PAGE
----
War Changes People 

Though my father and his brother spoke very little about the war, I remember my mom saying, “Your father was never the same person after he came back from the war.” Both of them returned from the battles forever marked inwardly by what many of us will never understand. They had spent years fighting against an enemy who sought to destroy them.  And, in turn, they sought to destroy that enemy and win the battle. Such is war, so easily defined but the most difficutl of times. 

When Jesus spoke of the inevitability of wars,  saying, “You shall hear of wars and rumors of wars….” (Matt 24:6, Mark 13:7, Luke 21:9), we often don’t realize what a sobering statement He gave.  It is unsettling when one stops to think on it, especially if one has been there.

The Legacy of War

The legacy of my family’s service during wartime caused me to follow in their footsteps.  In December of 1964, I joined the U. S. Navy at 17. As I now experience the long life that my God has graciously given me on this earth, I become even more emotionally attached to Memorial Day and to what it is really all about.

I just finished reading a book titled, On Desperate Ground, written by Hampton Sides. The book records the actions of U. S. Marines in Korea, at the Chosin Reservoir. The book is filled with the names of men who did remarkable feats in the midst of circumstances that readers of our day find almost unbelievable. What struck me were the names of these heroic figures.— the names of real men who are remembered by very few people. The author has made an important contribution to American history by recording their names and telling a new generation of their heroic wartime service for their country.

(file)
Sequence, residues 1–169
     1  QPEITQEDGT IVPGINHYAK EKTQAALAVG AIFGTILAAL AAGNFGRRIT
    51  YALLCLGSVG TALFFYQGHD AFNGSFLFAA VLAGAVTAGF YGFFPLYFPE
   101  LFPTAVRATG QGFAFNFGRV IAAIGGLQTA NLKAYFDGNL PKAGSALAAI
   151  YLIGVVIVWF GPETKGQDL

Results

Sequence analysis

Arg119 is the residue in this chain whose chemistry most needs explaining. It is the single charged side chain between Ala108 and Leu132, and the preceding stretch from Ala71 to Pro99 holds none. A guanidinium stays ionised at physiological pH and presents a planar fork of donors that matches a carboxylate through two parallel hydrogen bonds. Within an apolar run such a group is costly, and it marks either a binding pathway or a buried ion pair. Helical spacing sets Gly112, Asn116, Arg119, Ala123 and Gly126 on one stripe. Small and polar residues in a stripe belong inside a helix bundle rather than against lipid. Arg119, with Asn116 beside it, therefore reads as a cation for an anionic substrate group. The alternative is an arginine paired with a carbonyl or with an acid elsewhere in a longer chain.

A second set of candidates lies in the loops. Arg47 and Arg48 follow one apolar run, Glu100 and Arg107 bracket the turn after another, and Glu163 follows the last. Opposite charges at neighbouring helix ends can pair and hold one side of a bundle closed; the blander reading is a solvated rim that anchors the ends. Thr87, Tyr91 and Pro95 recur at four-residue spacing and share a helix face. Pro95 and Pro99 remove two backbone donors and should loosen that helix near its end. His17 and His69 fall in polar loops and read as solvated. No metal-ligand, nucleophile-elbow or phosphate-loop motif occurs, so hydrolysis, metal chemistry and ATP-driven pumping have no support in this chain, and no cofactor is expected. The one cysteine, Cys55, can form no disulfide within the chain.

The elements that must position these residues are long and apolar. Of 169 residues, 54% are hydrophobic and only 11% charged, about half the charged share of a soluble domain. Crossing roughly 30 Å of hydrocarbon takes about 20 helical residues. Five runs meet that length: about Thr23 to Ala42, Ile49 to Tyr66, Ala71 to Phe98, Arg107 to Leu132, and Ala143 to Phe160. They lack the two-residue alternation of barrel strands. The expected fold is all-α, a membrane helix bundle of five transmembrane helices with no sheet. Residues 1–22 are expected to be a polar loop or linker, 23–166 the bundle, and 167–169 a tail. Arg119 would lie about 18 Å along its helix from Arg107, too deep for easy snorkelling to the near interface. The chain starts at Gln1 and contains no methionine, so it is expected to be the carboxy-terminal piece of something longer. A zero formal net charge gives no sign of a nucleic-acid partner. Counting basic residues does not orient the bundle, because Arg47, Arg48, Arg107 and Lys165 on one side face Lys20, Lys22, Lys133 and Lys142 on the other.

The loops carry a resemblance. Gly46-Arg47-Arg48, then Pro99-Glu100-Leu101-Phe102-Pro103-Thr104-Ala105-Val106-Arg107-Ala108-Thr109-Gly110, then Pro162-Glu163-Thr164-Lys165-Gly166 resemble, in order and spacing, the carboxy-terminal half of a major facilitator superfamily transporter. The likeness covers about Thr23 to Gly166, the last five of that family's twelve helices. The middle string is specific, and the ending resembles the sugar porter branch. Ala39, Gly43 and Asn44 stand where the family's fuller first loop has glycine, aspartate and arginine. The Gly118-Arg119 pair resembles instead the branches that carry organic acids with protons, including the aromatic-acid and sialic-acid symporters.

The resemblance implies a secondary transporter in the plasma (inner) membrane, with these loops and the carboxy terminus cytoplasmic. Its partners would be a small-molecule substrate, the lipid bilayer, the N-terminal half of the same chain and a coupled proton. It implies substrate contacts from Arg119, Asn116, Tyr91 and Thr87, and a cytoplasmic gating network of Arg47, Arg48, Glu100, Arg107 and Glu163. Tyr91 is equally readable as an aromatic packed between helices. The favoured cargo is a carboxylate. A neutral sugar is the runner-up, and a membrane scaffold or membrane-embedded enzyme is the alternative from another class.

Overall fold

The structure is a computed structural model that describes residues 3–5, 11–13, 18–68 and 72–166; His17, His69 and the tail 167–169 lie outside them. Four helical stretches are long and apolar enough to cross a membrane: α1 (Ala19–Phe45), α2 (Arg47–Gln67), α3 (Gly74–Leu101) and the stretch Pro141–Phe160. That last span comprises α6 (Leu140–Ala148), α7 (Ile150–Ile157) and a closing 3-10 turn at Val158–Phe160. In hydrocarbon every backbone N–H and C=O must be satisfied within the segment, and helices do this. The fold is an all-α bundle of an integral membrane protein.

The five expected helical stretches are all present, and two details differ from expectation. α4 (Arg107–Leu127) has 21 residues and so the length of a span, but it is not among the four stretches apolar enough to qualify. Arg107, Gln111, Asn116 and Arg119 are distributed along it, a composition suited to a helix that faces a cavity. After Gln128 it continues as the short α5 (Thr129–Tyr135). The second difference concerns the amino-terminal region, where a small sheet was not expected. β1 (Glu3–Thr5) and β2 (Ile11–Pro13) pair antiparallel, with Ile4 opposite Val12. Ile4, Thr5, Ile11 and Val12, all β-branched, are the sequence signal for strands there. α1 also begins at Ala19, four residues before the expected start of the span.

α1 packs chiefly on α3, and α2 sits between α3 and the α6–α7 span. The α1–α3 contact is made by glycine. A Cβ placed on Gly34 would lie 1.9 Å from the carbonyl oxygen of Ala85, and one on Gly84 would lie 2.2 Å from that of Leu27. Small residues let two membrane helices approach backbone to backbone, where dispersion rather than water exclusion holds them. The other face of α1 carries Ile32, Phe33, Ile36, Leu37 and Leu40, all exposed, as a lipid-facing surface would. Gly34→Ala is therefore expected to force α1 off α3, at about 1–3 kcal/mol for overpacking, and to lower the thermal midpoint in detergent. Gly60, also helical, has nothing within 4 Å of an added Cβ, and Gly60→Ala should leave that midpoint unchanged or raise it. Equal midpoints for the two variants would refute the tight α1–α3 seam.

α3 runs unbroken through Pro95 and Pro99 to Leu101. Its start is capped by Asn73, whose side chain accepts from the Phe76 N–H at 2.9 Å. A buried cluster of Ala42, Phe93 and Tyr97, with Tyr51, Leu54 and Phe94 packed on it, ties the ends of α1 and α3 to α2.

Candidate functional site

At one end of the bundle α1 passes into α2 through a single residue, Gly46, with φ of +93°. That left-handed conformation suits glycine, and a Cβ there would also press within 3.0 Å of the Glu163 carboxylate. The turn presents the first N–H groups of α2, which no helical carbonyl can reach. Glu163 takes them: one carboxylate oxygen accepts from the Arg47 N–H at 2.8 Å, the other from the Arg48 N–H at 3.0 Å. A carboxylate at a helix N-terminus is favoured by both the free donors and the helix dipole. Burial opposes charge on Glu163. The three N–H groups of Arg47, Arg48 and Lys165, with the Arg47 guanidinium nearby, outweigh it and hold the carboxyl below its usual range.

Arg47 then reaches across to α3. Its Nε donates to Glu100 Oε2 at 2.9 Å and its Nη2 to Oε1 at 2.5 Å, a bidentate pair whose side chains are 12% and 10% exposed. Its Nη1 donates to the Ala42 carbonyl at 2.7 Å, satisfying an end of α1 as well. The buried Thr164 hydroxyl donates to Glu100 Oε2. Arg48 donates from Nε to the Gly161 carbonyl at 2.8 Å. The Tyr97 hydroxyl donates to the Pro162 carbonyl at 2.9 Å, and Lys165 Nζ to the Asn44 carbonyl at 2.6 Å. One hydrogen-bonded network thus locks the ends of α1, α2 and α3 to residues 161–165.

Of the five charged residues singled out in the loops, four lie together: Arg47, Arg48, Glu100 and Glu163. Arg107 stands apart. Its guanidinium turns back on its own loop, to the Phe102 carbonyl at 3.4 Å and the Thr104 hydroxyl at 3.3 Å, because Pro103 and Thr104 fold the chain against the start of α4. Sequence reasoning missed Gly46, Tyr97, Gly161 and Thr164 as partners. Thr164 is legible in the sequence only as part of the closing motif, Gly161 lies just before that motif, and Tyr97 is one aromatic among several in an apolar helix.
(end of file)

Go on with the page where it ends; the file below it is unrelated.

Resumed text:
In memorial to the valiant, to those I never met and to those I have personally known, to those who served our nation in perilous times and those who served in times of peace, to those who gave their lives and to those who were blessed to return home, I will be observing Memorial Day as it is so intended to be observed — remembering them. May a grateful nation humbly come together to pause and to remember “the valiant.” And may we thank God for them.

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Do not be anxious about anything.  (Phil 4:6)

In the midst of the COVID-19 pandemic, we must rightly remember who is in control.  Our God is sovereign over all things, including COVID-19.  As Charles Spurgeon (1834-1892) said, “The sovereignty of God is a soft pillow on which weary people lay their heads.” 

Remember also God’s gracious promise, and that it is true and He is faithful to keep it:  Hebrews 13:5 …”I will never leave you, nor forsake you.”  The next verse remind us of the power that comes in trusting God and how we can live:  Hebrews 13:6 So that we may boldly say, The Lord is my helper, and I will not fear what man [or COVID-19] shall do to me.

God loves us, and in Christ we find confidence and calm in times of uncertainty and trouble.  When we trust in God, fear is replaced with faith, stress is replaced with strength, anxiety is gone and hope abounds, problems become opportunities, and we are able to receive the blessings God has for us in the midst of difficult circumstances. Turn to Jesus. He will lead you to the still waters and give rest for your troubled soul.  

This hope we have as an anchor of the soul, both sure and steadfast…Hebrews 6:19


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to give a reason for the Hope that you have (1 Peter 3:15).  When you can’t share the gospel with your words, share it by leaving tracts that tell people about God's grace.